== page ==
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Energy networks prepare for Storms Dudley and Eunice

14 February 2022


The UK's energy networks are preparing for Storms Dudley and Eunice, which are set to hit parts of the UK later this week.

The Met Office has issued Amber and Yellow weather warnings for parts of the UK from Wednesday. This means that there is a good chance that power cuts may occur, with the potential to affect other services, such as mobile phone coverage. Disruption to transportation and damage to buildings is also likely.

Power cuts are rare but during extreme weather conditions, they become more likely. Engineers, technicians and support staff work 24/7 to ensure you are reconnected as quickly as possible should you experience a power cut.

You can take some simple steps to prepare for bad weather.

  • Keep a mobile phone fully charged
  • If you experience a power cut, call 105 to report it for free
  • Keep a torch handy in case you are without power during the night
  • Check on vulnerable friends, family and neighbours and make sure they're prepared too

You should be aware that your phone might not work during a power cut. You can find more information on the Ofcom website.

How to keep up-to-date

You can follow the latest local updates from the UK energy network companies on Twitter. To find your local network operator, as well as their contact information and social media channels, you can use our postcode finder tool.

If you need extra help…

Network operators work with suppliers to maintain a free Priority Services Register to help identify vulnerable customers who may need additional support during a power cut.

If you see a dangerous situation…

It is very important that if you see a fallen power line you keep everyone well away from it and call the emergency number to report it. Calling the emergency number will connect you to your local network operator. This is also who you should call if you have a power cut.

How are the energy networks preparing?

The energy networks are very resilient and built to withstand severe weather and energy network operators are prepared in case the weather interrupts your electricity supply.

However, during a storm, objects like trees, branches and other debris can be blown around by the wind and cause damage. For example, if this debris lands on power lines or other infrastructure it can cause damage and result in power cuts.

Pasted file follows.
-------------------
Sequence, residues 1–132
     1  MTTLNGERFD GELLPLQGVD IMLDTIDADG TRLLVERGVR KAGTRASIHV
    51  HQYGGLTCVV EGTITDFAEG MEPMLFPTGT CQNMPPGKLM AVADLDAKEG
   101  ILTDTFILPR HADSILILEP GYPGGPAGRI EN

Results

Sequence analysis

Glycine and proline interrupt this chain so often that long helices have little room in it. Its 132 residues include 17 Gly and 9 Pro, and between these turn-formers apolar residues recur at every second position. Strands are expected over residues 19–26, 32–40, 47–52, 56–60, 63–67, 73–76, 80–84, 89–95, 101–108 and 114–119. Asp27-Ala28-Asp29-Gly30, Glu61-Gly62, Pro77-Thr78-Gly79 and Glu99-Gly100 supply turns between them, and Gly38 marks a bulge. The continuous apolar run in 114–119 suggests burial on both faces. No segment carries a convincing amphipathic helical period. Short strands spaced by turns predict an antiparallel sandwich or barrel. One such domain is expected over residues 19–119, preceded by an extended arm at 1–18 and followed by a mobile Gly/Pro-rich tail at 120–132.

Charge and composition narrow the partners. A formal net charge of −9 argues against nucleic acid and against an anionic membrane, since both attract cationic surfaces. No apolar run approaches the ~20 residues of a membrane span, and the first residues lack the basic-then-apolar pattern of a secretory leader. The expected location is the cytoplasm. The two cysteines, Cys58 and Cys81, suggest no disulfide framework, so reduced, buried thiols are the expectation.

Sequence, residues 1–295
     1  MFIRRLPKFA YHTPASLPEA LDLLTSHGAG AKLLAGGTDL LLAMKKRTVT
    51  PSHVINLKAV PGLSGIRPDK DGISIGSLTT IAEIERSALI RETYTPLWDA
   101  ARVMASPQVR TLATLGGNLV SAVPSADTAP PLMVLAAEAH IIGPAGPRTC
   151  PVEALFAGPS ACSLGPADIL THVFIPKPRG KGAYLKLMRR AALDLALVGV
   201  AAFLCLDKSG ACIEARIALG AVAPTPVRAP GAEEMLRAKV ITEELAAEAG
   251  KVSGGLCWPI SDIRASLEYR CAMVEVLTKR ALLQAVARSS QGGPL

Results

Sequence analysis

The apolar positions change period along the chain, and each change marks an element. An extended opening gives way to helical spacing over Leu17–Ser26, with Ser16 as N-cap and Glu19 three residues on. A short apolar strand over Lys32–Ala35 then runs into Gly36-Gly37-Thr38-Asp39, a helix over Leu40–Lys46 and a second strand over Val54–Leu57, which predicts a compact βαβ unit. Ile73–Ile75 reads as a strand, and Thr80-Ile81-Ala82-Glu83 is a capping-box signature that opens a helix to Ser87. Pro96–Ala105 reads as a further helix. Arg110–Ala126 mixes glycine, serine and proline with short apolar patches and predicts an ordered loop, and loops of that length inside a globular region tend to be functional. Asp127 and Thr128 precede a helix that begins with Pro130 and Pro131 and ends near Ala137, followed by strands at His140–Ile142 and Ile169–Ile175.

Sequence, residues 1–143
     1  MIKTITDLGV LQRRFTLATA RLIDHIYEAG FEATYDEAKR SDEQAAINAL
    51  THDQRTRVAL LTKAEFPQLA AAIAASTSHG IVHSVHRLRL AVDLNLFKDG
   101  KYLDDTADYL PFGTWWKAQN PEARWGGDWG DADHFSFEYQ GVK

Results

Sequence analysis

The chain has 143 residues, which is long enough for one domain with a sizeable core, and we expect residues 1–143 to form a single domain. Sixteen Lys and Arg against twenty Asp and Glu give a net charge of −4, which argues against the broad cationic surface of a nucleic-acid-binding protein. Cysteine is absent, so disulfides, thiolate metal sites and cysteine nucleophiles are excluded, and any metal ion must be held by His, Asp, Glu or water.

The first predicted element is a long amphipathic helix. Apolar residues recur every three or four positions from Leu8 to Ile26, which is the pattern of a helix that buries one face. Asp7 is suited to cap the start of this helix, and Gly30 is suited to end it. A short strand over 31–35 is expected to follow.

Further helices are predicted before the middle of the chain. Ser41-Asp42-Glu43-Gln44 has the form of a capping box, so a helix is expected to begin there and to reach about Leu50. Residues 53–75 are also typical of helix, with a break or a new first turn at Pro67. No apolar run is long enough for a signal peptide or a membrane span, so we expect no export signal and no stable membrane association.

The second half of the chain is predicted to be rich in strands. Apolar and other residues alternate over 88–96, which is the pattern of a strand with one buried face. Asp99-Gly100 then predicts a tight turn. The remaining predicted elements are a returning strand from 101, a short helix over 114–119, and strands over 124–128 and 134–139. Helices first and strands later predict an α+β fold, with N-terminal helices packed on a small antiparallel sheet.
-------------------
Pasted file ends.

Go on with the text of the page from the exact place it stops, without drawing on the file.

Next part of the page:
Network operators are monitoring the developing storm closely and making preparations. While they can’t predict the precise location or severity of any weather damage, network operators are taking steps like arranging for extra staff to be available and moving vehicles and equipment to strategic locations. They are also in contact with local resilience partners to aid preparations and are directly contacting their Priority Service Register customers in advance.

The companies which operate our country’s energy networks invest millions of pounds every year to keep your energy flowing while sustaining the challenges faced by increased demand and adverse weather.

Press contacts for journalists

ENA Press Office


Notes to editor

Photo: Northern Ireland Electricity engineers working in Scotland during Storm Arwen.

About Energy Networks Association

Energy Networks Association (ENA) is the industry body representing the electricity wires, gas pipes and energy system in the UK and Ireland.

ENA helps its members meet the challenge of delivering electricity and gas to communities across the UK and Ireland safely, sustainably and reliably.

Its members include every major electricity and gas network operator in the UK and Ireland, independent operators, National Grid ESO which operates the electricity system in Great Britain and National Gas which operates the gas system in Great Britain. Its affiliate membership also includes companies with an interest in energy, including Heathrow Airport and Network Rail.

What are energy network operators?

Energy network operators manage and maintain the wires, pipes and other infrastructure which delivers electricity and gas to your home, business and community. They are private companies which are regulated by Ofgem and employ around 40,000 people in Great Britain.

More information